Af­ter so many Tell­tale ti­tles, it al­most goes with­out say­ing that there’s very lit­tle game un­der­scor­ing any of this. More than in most, though, that needn’t have been a prob­lem – Game Of Thrones is well suited for a di­a­logue-driven game. Twelve hours split into six episodes is more than enough time to see and tire of its me­chan­i­cal lim­its, though, not least that while this is a se­ries where any­one can die, it only counts if it’s of­fi­cially time. Valar Morghulis… next episode.

Where it all really goes wrong is the fi­nale. Here, al­most ev­ery ma­jor choice is proven ir­rel­e­vant and barely any plot threads are re­solved. The For­resters’ fate is left com­pletely in the air, with even the se­ries’ big­gest mystery – the se­cret of a magic grove in the North – go­ing un­re­vealed. It’s not just a bad end­ing to the se­ries, it’s an in­sult­ing cliffhanger for a story that has lit­er­ally no ex­cuse not to end con­clu­sively and with far more ram­i­fi­ca­tions based on player de­ci­sion.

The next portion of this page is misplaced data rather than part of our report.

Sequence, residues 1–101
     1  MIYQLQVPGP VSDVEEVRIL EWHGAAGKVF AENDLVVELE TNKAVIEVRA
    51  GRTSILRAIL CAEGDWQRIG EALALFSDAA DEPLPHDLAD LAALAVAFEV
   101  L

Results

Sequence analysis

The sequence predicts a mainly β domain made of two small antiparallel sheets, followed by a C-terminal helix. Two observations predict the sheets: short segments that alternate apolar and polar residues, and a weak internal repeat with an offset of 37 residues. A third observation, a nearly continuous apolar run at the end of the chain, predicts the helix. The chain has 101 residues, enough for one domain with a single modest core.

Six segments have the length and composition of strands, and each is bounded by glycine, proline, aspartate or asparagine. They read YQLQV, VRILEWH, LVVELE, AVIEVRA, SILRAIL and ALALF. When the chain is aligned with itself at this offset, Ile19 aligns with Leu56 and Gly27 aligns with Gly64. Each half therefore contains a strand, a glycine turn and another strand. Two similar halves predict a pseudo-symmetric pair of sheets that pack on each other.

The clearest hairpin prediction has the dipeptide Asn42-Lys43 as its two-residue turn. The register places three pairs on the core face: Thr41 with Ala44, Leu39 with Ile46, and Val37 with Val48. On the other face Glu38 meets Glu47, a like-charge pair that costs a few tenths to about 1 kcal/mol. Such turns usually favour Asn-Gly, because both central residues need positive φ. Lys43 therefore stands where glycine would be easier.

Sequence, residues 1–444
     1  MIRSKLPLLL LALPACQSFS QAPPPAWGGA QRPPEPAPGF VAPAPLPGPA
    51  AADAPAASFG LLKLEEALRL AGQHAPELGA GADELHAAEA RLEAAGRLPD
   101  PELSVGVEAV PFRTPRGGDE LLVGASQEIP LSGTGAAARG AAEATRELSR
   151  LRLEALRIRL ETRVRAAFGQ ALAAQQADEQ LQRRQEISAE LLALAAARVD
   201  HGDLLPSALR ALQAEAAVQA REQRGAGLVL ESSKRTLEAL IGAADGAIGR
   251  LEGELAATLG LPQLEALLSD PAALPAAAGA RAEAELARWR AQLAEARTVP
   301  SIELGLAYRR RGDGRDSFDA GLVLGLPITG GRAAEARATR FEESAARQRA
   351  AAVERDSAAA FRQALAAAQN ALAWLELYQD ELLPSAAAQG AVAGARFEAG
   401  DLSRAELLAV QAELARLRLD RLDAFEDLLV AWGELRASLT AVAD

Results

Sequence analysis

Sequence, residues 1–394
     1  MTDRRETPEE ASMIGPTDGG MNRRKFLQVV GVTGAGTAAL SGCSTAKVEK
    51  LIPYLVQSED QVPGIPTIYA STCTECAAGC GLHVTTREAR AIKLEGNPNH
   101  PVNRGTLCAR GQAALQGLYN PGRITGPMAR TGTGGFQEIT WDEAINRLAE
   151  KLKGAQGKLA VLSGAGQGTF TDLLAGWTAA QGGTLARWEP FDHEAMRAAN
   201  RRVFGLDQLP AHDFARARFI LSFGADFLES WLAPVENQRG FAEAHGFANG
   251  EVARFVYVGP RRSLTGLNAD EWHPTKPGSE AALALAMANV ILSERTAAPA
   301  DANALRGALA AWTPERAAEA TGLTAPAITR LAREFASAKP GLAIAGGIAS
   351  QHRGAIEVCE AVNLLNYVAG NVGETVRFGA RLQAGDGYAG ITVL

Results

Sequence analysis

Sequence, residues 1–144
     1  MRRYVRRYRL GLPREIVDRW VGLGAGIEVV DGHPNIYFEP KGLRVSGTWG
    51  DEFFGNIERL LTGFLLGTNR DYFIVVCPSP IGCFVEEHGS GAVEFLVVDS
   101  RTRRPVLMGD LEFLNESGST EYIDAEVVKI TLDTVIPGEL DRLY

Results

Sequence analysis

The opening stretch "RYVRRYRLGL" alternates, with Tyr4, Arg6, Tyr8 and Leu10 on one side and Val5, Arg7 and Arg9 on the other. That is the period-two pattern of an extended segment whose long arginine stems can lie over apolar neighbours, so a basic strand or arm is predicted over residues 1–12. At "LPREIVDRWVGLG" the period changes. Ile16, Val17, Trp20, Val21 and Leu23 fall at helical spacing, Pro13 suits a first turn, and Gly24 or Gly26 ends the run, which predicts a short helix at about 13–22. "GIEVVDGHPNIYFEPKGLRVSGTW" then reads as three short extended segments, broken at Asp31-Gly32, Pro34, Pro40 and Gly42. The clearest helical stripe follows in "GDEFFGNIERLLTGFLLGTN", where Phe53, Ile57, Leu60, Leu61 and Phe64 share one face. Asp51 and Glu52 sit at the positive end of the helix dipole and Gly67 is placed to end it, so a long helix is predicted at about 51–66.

Not for the first time, Game Of Thrones feels like Tell­tale’s de­sign­ers work­ing in a strait­jacket. Its mo­ments of ge­nius show what they can do, but the ad­her­ence to its stock tem­plate so rarely gives them the chance. This li­cence didn’t call out for the TV show in poly­gons. We have the TV show. Game Of Thrones was a chance to widen its scope in ways that only games can. In­stead, Tell­tale chose to limit it, chas­ing a cin­e­matic dragon that it was never go­ing to catch.